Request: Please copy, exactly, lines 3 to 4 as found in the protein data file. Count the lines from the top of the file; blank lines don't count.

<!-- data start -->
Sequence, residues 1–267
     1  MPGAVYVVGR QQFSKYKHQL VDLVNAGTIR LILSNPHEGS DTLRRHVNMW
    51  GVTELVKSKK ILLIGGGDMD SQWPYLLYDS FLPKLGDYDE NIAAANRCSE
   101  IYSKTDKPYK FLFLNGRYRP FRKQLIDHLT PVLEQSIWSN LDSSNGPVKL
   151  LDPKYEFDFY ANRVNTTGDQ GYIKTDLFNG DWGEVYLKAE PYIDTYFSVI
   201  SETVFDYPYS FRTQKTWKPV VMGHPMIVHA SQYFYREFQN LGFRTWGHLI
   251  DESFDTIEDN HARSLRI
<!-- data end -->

    51  GVTELVKSKK ILLIGGGDMD SQWPYLLYDS FLPKLGDYDE NIAAANRCSE
   101  IYSKTDKPYK FLFLNGRYRP FRKQLIDHLT PVLEQSIWSN LDSSNGPVKL